Friday, January 31, 2014


The Campus Martius – in Italian, Campo Marzio – is the heart of old Rome. Largely spared the indiscriminate demolitions of the late nineteenth and early twentieth centuries, its ancient fabric harbors many a fugitive remembrance of things past: here, in a propitious moment, it is possible to have a fleeting impression of the Rome that captivated Gibbon and Goethe, Byron and Stendhal.

One of the oldest streets of the quarter is Via del Pellegrino, which forms part of a network of ancient roadways whose layout is fossilized in the modern street-system. In the days of the Julio-Claudian emperors, these roadways traversed green fields that opened to the west of the porticoes, theaters and baths for which the Campus Martius was famous. Today they are dark and evocative alleys etched into the dense accretion of the mediaeval city. At the northwest end of Via del Pellegrino, set into the façade of an undistinguished building, is a block of stone inscribed with the following text:


Tiberius Claudius Caesar Augustus Germanicus, son of Drusus, Supreme Pontiff, vested with the Tribunician power for the ninth time, Consul for the fourth, Censor, Father of his Country, upon the enlargement of the territory of the Roman people increased and delimited the pomerium.

The stone was excavated on the opposite side of the street. Unlike most such artifacts, which are almost invariably removed to museums, it was set up at a location near its find-site. The left side is damaged: in the transcription, the lower-case characters enclosed in brackets represent lost text. These portions can be restored with confidence from the text that survives in various degrees of preservation on a handful of identical stones commemorating the same occasion.

That occasion, as the inscription declares, was the Emperor Claudius’ extension of the pomerium – Rome’s sacred boundary. In antiquity, the pomerium formed the religious limit of a city that had been augurally constituted – that is, one whose territory had been ‘inaugurated’ by the public diviners (augures) who interpreted the will of the gods. The number of such cities was quite small: it included Rome herself, her Latin neighbors and her colonies – those cities, in other words, which shared the characteristic foundation-ritual of the ancient Latin peoples. In that ritual, a bullock and a heifer were yoked to a plow, and a furrow was drawn around the site of the new town. The pomerium was identified with the ridge of earth raised by the plow-share on the inner side of the furrow. According to tradition, it was Romulus himself who had traced the original pomerium of Rome.

As evidenced by his interest in the archaic and obsolete pomerium, Claudius was a man of scholarly – if not indeed pedantic – disposition. He is said to have written a monograph on the Etruscans and, improbable as it may seem in an emperor, we have it on the authority of Suetonius and Tacitus that he devoted considerable attention to the matter of spelling-reform. In the present inscription, a clue to his concern with the matter is seen in the archaic spelling CAISAR instead of CAESAR. Historical linguists in fact confirm that as early as the first century BC, the pronunciation of the diphthong AE – originally pronounced something like the English aye – had already begun to mutate into the vowel heard today in the Italian Cesare and the French and Spanish César. The unfamiliar spelling favored by Claudius was evidently intended to ensure that the imperial name at least would be pronounced correctly!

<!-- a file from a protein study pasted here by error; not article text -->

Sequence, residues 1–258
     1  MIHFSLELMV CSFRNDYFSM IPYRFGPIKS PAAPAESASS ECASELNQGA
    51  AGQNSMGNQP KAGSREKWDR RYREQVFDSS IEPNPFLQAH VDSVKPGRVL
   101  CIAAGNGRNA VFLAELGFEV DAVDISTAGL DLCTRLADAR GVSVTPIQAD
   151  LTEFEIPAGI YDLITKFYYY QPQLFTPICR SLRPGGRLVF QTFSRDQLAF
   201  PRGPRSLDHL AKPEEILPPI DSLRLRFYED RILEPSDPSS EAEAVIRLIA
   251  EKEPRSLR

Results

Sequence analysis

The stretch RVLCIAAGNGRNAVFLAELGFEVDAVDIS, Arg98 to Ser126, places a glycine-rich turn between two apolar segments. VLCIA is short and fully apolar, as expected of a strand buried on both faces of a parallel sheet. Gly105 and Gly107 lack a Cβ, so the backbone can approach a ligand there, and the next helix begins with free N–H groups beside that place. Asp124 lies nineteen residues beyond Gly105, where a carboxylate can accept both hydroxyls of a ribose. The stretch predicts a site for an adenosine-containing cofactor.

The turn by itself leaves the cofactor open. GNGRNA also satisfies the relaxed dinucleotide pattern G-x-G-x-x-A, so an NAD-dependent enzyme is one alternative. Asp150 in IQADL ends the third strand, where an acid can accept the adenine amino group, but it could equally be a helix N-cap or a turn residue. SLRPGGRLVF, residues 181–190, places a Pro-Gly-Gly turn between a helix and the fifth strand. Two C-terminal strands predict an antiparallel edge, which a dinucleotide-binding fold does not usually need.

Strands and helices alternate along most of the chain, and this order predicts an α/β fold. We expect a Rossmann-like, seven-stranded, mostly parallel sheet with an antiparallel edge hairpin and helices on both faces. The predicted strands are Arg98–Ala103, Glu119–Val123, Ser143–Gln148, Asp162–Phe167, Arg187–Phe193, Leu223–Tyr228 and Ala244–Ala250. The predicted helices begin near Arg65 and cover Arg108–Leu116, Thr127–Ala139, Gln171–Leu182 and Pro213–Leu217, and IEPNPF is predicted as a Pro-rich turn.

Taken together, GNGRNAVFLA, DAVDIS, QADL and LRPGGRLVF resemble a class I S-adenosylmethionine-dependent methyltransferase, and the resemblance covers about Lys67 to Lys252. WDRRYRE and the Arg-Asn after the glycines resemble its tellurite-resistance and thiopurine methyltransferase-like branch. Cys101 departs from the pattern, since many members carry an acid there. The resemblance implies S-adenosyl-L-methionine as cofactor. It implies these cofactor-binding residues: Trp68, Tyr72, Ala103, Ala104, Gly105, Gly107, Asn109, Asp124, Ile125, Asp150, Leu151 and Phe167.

This nicety did not exhaust the emperor’s orthographic zeal. According to the historians, he went so far as to introduce three altogether new characters into the Latin alphabet: Ⅎ, Ͻ and Ⱶ. Each addressed some deficiency in the traditional spelling of Latin. For example, the word vinum (‘wine’, pronounced weenum) was written VINVM – that is, the letter V did double duty for the consonant sound W and the vowel sound U. The Claudian letter Ⅎ disambiguated the spelling by providing a distinctive symbol for the consonant: ℲINVM. In the present inscription, the new letter appears twice in the last line: [a]MPLIAℲIT TERMINAℲITQ (i.e., ampliavit terminavitque, with suspension of the final syllable).

The letter Ͻ was introduced to represent the combination PS, which was sometimes spelled PS, as in auceps (‘bird-catcher’) and sometimes BS, as in caelebs (‘unmarried’). In the Claudian orthography, these became AVCEϽ and CAELEϽ.

Finally, there was a Latin vowel that in pronunciation fell somewhere between the sound of U and I. Thus we find variations in spelling such as monimentum / monumentum and maximus / maxumus. In the Claudian system, these words are represented as MONⱵMENTVM and MAXⱵMVS.

Spelling-reform has a reputation for failure – a reputation corroborated by the fortunes of Claudius’ effort. The new characters are found with some frequency in the inscriptions of his own reign; thereafter, all three fell into complete and permanent disuse. Nevertheless, in a development that would doubtless have pleased the emperor, in 2006 the Claudian letters were included in version 5.0.0 of Unicode.